Up early(ish) on the first day since August that I’ve had to really breathe for a minute, and I can’t stop thinking about finding a better way to categorize my email. Gmail makes it relatively easy to organize messages like you might papers in a file cabinet, but I’m suddenly 200 unread messages in, and find myself unable to keep up. I realize everyone will meet (or already has met) their email saturation point differently, but I will always remember the Fall 2011 semester as the time when two things happened when it comes to digital communication: 1) I couldn’t keep up with my email for the first time, and 2) hashtags became commonspeak.
INBOXES: When it comes to email, I’ve always been an immediate responder. This habit has its plusses and minuses, but it’s just the way I operate: someone asks something of me, and I respond. In contrast, I never could understand, until very recently, how people could leave correspondences unanswered. I finally get it, and find myself missing emails from friends and colleagues. I fear the problem is only going to get worse if I don’t find a better way of getting to every correspondence that needs getting to.
I don’t think I’m an expert organizer in any way shape or form, but I am pretty anal retentive and love organizing and reorganizing things — if I’m at a loss for what to do to combat this problem, what are other people doing? Is it one of those things that’s happening to everyone but no one really talks about? Am I just relegated to a future of not being able to fully read every email that comes through my inbox? I don’t like that.
I’ll report back if I figure something out, but for now I want to talk about hashtags for a second.
HASHTAGS: There was a point roughly a year ago when the word hashtag wasn’t yet part of my vocabulary. I haven’t done any extensive reading or empirical data gathering about how my experience measures up to that of the general population, but until I joined Twitter (a little less than a year ago), the # symbol was something I used when proofreading to note that a space needed to be inserted, or while navigating an automated phone messaging system. It was not on my radar as a categorizer, and I hadn’t yet seen it used in titles, subject lines, or emails. In an attempt to further understand what was then an elusive phenomenon, I asked the Twitter community for help in my third-ever tweet on February 20, 2011:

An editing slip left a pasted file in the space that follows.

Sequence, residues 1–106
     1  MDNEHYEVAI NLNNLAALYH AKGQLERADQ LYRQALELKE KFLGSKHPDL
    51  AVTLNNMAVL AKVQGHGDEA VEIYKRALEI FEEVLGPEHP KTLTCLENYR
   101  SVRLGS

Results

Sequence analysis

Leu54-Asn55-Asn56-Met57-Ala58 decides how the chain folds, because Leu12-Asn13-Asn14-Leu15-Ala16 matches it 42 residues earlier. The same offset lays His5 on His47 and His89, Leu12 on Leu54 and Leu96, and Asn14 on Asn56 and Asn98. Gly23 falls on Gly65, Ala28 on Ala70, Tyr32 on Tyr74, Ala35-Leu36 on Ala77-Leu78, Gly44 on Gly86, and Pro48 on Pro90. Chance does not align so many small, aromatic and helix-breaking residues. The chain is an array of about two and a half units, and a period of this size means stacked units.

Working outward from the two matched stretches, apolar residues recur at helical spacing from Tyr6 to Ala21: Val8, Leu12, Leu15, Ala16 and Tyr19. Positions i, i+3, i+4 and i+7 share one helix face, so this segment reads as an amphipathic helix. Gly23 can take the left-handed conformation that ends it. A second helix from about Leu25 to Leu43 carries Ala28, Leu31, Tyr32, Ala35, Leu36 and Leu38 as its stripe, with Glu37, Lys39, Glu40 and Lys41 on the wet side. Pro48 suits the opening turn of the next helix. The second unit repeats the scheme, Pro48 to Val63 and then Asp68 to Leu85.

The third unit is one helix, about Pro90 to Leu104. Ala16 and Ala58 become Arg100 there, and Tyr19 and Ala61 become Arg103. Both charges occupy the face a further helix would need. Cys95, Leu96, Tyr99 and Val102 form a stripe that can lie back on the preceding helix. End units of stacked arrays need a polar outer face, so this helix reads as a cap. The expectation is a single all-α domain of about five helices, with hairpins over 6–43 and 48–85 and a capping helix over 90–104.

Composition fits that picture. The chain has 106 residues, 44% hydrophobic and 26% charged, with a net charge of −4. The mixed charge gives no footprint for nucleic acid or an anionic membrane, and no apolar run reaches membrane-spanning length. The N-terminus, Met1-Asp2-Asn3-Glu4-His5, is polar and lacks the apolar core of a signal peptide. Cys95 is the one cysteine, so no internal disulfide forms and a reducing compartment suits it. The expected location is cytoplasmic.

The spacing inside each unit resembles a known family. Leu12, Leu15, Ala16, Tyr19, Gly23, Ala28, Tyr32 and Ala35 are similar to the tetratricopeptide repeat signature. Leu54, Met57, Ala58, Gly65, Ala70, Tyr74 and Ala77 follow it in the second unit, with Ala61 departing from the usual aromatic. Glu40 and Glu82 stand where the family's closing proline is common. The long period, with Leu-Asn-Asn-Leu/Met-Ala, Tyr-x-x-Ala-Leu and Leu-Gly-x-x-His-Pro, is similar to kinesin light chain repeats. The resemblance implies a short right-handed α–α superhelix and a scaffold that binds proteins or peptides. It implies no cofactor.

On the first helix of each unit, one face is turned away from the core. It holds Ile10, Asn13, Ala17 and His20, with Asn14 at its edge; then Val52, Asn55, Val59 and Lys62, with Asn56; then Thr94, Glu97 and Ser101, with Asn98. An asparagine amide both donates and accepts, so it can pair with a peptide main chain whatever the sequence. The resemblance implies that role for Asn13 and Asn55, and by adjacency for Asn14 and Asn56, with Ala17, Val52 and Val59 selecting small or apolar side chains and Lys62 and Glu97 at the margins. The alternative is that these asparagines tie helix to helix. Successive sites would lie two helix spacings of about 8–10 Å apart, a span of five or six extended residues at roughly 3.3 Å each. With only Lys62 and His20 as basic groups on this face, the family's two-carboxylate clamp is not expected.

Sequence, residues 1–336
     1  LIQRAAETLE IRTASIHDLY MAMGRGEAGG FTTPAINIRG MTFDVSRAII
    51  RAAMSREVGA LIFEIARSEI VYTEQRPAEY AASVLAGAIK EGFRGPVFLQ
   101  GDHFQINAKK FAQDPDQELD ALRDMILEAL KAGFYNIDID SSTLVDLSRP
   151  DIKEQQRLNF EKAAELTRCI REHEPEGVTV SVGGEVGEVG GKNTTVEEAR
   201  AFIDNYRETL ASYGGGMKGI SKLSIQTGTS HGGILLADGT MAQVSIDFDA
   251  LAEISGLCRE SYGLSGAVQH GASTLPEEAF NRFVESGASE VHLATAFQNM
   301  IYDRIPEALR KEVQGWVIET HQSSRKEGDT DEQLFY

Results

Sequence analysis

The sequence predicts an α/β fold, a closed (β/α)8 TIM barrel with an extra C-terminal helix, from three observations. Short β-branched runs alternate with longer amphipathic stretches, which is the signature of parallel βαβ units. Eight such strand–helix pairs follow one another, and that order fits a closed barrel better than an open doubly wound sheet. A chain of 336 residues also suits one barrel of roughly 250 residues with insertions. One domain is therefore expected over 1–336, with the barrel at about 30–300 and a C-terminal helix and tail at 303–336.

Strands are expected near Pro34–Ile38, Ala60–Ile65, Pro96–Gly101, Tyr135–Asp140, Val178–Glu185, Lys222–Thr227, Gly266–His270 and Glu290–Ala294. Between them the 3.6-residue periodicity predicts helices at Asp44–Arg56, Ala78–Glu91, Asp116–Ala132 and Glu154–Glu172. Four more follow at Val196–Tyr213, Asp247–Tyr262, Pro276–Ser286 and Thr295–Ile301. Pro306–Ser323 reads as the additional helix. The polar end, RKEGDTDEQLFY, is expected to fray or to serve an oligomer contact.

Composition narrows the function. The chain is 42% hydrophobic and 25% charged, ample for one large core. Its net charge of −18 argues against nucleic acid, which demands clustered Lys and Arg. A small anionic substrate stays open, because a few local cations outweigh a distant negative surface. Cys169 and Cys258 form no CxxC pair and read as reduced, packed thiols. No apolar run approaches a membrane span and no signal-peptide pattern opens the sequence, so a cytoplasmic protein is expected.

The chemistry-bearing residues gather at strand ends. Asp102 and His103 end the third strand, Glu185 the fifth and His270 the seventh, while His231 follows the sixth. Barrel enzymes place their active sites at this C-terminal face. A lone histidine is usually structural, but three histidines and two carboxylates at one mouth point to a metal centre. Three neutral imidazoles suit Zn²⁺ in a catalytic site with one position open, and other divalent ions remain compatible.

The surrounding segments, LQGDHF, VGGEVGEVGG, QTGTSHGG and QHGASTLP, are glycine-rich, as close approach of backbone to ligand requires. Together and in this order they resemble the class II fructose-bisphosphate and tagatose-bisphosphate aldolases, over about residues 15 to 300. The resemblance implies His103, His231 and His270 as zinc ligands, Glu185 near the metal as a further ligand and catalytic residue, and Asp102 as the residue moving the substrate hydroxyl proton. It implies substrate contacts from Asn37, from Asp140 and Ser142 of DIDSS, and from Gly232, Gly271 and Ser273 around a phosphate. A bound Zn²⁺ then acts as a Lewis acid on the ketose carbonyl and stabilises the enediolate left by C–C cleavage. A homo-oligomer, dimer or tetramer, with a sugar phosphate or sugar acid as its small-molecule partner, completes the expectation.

Needless to say, I got no response about my confusion, and quickly realized that the hashtag is one of those neat reference tools that has a limited shelf life. It’s not something that you send out to the universe and get an answer from immediately; rather, it can be used in a fleeting moment to connect people around a specific subject/idea/question/concept, but it might not always work as you intend it.
As I see it, the # sign has become something that’s going to continue to evolve as more people become fluent in how to use it. We’re getting closer to that tipping point, but it seems that many individuals still see Twitter as a revolving door of narcissistic Facebook updates, and thus the new(ish) usage of the # as an extension of that. I couldn’t disagree more. While I don’t tweet on a daily basis, Twitter has been a useful tool for me when trying to stay up-to-date on events, protests, gatherings, teaching techniques, etc., in real time. And speaking of protests, the Occupy movement is part of what normalized hashtags for me.
While I was pulling my hair out over my overflowing inbox this semester, my colleagues and I started using #OWS and other hashtags as normally as we might other words in emails. Slowly but surely, the # symbol is making its way into our daily language.
So while I’m considering how to categorize and code my growing pile of data for my dissertation, and simultaneously trying to get a handle on my inbox, I can’t help but wonder about where digital communication will take us. What symbol will enter our language next? Will we eventually have an alphabet comprised of letters, numbers, and symbols? I’m curious….